3 tips to building retail success with bricks and mortar

 
Updated 9/12/2018 9:59 AM
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  • Rob Bond

    Rob Bond

While most of the news about retail lately has focused on the challenges in the sector, positive stories about retail development do exist, and those successes can tell us even more about retail's future than you might think.

Last year Bond Companies built a new shopping center in Kildeer that was 100 percent leased at completion. We've also witnessed the ongoing success of our other existing retail centers in the area despite growth of e-commerce, which is often blamed for declining sales at shopping malls. What this tells us is that the right tenant mix and shopping experience will drive people to retail centers. But how do you capture the lightening in a bottle of a successful retail development in today's Amazon-friendly world?

1. Start by identifying the problems to solve. Developing any type of property is essentially creating a solution. For retail, it may be providing types of retail that are missing from the area.

In the case of Kildeer Village Square, we used data to tell us what was missing from the area and designed a property to attract those retailers. Before we built Kildeer Village Square, retail development in the area had left a physical gap between two shopping centers that required people to inconveniently exit one center and travel through on Rand Road before getting to the other center. By building Kildeer Village Square between those two existing developments, we not only filled gaps in the area's retail offerings, but also relieved traffic congestion by connecting all three centers via new frontage roads.

2. Focus on experiential opportunities. Shopping is only one of the drivers of retail developments. It's important to have the right tenants, but it's also critical to think about the experiences a center offers. Some shopping centers have added attractions like indoor amusement parks, but this kind of highly visible experiential approach isn't necessary or even a good fit for most developments.

For example, take a center that draws people during regular shopping hours. By adding a health club to the tenant mix people have a reason to come earlier in the day for a morning workout. If people are there for morning workouts, adding a place for them to grab breakfast keeps them on the property even longer. The idea is to create not just a shopping center but a lifestyle center.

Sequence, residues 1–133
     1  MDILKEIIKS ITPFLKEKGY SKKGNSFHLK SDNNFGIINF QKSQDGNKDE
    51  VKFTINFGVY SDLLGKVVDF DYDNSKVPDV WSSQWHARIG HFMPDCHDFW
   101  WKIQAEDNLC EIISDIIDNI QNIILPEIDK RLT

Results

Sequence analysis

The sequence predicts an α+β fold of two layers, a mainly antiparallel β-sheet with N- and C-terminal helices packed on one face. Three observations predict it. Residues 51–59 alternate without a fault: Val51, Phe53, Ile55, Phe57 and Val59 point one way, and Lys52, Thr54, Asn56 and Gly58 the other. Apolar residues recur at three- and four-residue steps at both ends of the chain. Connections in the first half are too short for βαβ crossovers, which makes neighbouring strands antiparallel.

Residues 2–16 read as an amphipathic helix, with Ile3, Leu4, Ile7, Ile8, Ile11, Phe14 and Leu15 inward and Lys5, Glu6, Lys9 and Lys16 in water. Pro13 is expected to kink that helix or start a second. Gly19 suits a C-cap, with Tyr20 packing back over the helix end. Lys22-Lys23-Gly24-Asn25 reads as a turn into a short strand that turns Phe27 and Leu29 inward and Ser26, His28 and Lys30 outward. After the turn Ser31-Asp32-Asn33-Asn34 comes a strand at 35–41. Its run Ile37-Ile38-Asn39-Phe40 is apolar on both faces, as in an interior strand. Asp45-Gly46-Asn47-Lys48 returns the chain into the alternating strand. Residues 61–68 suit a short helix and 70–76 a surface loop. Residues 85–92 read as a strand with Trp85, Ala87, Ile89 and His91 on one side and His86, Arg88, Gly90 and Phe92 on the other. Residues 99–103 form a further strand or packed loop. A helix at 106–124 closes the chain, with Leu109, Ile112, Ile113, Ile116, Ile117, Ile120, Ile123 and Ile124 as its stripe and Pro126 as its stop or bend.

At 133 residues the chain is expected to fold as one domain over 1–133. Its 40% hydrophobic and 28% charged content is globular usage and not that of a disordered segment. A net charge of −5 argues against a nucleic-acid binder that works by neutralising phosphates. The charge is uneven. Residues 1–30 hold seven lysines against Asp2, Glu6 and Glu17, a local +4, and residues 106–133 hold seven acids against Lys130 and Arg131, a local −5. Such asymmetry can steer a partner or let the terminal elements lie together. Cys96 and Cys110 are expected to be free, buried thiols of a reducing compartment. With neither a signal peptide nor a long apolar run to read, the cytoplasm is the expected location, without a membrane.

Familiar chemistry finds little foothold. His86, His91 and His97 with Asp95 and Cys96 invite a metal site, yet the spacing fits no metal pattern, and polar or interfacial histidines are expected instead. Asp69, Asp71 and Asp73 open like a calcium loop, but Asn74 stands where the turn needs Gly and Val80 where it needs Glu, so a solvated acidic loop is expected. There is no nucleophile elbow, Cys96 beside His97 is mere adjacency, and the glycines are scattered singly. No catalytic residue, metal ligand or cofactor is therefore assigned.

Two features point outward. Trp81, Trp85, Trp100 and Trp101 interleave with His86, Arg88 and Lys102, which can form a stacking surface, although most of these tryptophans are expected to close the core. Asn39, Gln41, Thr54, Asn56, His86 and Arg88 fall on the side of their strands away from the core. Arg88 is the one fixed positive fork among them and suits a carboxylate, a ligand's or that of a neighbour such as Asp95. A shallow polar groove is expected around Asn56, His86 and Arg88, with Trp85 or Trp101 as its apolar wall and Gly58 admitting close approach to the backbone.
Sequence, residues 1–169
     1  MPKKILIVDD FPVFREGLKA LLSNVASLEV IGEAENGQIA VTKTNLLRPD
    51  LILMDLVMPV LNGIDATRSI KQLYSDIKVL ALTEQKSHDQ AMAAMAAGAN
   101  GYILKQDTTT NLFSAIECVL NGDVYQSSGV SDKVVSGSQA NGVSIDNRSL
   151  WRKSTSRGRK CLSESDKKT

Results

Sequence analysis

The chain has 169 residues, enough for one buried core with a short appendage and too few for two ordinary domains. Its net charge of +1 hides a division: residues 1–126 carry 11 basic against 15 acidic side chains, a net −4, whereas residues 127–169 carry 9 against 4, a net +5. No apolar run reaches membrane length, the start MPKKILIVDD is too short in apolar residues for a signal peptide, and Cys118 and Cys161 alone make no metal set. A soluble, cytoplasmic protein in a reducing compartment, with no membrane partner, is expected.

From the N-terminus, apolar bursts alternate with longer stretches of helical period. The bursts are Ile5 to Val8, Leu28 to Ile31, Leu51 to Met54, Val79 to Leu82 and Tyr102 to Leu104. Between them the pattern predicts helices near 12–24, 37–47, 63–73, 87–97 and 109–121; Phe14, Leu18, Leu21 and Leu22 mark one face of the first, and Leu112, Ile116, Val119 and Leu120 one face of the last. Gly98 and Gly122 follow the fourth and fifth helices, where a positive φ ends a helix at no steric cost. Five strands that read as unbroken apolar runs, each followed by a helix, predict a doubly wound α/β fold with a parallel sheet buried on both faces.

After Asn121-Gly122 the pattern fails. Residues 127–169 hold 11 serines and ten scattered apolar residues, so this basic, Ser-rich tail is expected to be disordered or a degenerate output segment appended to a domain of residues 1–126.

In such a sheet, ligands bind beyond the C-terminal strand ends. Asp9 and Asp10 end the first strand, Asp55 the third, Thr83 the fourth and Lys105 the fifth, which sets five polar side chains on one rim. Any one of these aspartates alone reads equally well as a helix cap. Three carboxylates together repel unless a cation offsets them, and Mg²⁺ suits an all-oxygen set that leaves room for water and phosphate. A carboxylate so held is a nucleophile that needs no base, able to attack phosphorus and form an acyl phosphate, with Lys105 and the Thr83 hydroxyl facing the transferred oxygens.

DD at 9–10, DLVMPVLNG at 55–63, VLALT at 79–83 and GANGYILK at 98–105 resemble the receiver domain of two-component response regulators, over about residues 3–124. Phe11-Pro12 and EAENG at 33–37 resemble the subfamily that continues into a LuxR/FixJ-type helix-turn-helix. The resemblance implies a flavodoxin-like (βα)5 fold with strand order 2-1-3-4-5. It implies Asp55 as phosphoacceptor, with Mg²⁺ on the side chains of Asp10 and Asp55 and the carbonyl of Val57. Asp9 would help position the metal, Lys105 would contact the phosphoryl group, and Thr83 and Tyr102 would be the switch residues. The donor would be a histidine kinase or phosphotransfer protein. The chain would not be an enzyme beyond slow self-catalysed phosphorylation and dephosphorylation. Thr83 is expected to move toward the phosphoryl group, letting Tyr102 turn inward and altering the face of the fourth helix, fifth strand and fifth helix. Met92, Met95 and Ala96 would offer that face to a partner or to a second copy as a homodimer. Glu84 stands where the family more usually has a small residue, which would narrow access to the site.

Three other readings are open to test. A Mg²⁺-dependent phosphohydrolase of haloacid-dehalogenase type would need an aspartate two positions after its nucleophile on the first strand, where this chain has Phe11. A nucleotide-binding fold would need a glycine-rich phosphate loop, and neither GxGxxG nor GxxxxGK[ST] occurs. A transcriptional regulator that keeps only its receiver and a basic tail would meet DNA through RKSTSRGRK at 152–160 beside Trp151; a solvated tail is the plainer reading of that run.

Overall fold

3. Re-imagine existing centers. Especially in a transitional period like we are experiencing now in retail, some centers need a fresh approach. This may come in the form of reworking the tenant mix to better serve the area or replacing retailers who have vacated the space. In many cases, a developer has the opportunity to tackle all three, as we did with the redevelopment of Touhy Plaza in Niles. When we began this project, the center was roughly 60-percent-occupied by a Pep Boys leaving plenty of remaining vacant space to fill with a fresh tenant mix. Its location on a busy section of Touhy Avenue offered potential for high visibility, but the property attracted few shoppers with its vacant storefronts. With a new look, parking lot and reconfiguration of vacant space, the center is now fully leased with a quick-service restaurant and other e-commerce-resistant tenants like Orange Theory. Pep Boys has remained in the space and reports their business increased after the renovations.

Success is still achievable in bricks-and-mortar retail; it just looks a bit different. In the suburbs, limited pockets of opportunity remain. But it also is achieved in redevelopment of existing retail properties where reworking the tenant mix and repurposing the space can create a center more oriented to the preferences and needs of today's shoppers.

• Rob Bond is president of Bond Companies.

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